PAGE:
Italy’s elections on Sunday could lead to a right-wing government in the fascist tradition coming to power. If so, it would be the first time since World War II that such a government has been elected in either Italy or Europe. However, this is not so much the right’s victory as it is the left’s defeat. In fact, the overall percentages of support for the center-right and center-left have not changed much in recent months. However, the internal composition of the different coalitions has changed. On the center-right, Giorgia Meloni’s Brothers of Italy party, which came from the post-fascist Social Movement party, has surged, while Matteo Salvini’s La Liga has fallen in support. On the center-left, the Five Star Movement was declining as the Democratic Party (PD) made gains. Those positions have now been reversed: support for PD has fallen, while Five Star Movement has seen a boost. But the degree of unity or disunity among the different groups is what matters.
The center-right enters Sunday’s elections united, despite previous divisions between the government and the opposition. Giorgia Meloni deftly remained on the sidelines of Mario Draghi’s government, which has allowed her to tap into social discontent. But remaining aloof from the government didn’t stop her from forming a coalition with Berlusconi’s Forza Italia and Salvini’s La Liga. The center-right learned a long time ago how to sharply distinguish its own positions for maximum political effect – while sometimes engaging in internal disputes – to then form alliances with those they’d bitterly disagreed with in the past. On the center-left, however, the Five Stars Movement and PD are running separately in these elections even though both formed part of the government. That division will have a significant impact on the outcome of Sunday’s elections. The Rosatellum electoral system – named after former PD politician Ettore Rosato and Renzi who drafted the electoral law – greatly rewards coalitions. That means that, despite having more votes overall, the divided center-left will not have enough to win a majority of seats.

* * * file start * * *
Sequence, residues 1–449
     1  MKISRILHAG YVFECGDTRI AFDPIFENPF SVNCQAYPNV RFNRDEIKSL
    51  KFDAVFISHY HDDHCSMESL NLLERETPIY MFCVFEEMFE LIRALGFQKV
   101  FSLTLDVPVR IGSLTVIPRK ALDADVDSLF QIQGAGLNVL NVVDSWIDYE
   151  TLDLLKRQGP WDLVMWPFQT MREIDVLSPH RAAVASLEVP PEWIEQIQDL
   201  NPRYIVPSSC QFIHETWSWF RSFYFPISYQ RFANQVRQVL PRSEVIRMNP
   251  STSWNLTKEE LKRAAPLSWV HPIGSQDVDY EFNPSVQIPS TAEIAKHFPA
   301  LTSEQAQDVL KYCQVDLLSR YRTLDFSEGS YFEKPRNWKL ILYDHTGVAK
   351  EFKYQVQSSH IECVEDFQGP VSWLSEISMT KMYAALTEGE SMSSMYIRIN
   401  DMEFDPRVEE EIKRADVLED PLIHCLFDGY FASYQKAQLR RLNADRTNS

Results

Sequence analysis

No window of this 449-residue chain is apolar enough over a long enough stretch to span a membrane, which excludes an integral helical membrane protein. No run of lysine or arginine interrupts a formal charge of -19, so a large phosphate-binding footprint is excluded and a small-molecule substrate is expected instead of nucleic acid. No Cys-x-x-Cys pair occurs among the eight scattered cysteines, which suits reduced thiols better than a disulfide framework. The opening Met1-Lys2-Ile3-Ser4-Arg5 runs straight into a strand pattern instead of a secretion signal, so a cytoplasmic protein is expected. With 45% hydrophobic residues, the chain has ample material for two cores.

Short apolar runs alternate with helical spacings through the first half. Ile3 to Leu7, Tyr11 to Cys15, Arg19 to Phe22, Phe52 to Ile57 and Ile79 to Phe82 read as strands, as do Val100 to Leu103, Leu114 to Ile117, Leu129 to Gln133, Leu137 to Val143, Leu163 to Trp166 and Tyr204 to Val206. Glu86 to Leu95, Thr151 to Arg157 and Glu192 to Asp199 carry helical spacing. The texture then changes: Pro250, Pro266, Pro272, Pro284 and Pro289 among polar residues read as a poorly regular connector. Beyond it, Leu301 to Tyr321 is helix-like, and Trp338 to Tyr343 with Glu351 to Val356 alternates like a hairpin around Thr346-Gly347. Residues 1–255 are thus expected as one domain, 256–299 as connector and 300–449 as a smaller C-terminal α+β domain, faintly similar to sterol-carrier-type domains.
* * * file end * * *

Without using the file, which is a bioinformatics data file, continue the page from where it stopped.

That division is not just a tactical issue. It’s a structural condition that reflects the chasm between the different classes and social categories that the different parties represent. The Democratic Party was supposed to be the party of social democracy and represent workers. After all, it is the heir to the Italian Communist Party (PSI) and left-wing Christian Democracy. But today it is the most bourgeois party; its highly educated electorate is concentrated in large urban centers and has white-collar, professional and managerial occupations. Workers who used to vote for the PCI and Italian Socialist Party (PSI) are now pensioners who vote for the PD, while their children tend to have middle-class professions and occupy a position of relative wealth. At the same time, the PD has left the working-class electorate – those who work for very low wages and those who live in abject poverty – a group concentrated in southern Italy. The Five Star Movement appeals to those very people, and it offers them measures like citizens’ income, a social welfare system that is similar to universal basic income. In other words, the Five Star Movement has gone after an electorate that normally would have voted for a social democratic option, but now there is none.
During the electoral campaign, Giuseppe Conte, the former prime minister and current leader of the Five Star Movement, emphasized the social aspect of his party. He made his campaign slogan “on the right side,” harshly attacked politicians – like Matteo Renzi – who want to eliminate the citizens’ income, and adopted buzzwords reminiscent of US Democrat Bernie Sanders and the UK Labour Party’s Jeremy Corbyn. Conte’s rallies have packed plazas with supporters, especially in southern Italy, where the economic conditions are the harshest. The Five Star Movement has surged at the polls and now threatens to overtake the Democratic Party. This situation has forced the PD’s Enrico Letta, who initially pursued a centrist strategy, to switch to more progressive promises, such as public sector hiring and protecting public services. But that strategy has seemed indecisive and insincere, especially because Letta had presented himself at the beginning of the campaign as the candidate who would support a new Draghi government to maintain stability and the system. Thus, the Italian situation reflects a realignment of center-left forces that isn’t unique to Italy; it’s happening all around the world. Old social-democratic forces have become middle-class ones; they are now in danger of losing working-class support. They are also being pressured from the left, or rather “from below,” by new populist forces that present themselves as the true defenders of the people’s interests. The risk of reshaping the center-left is that the right will win, which is likely to happen in Italy on Sunday.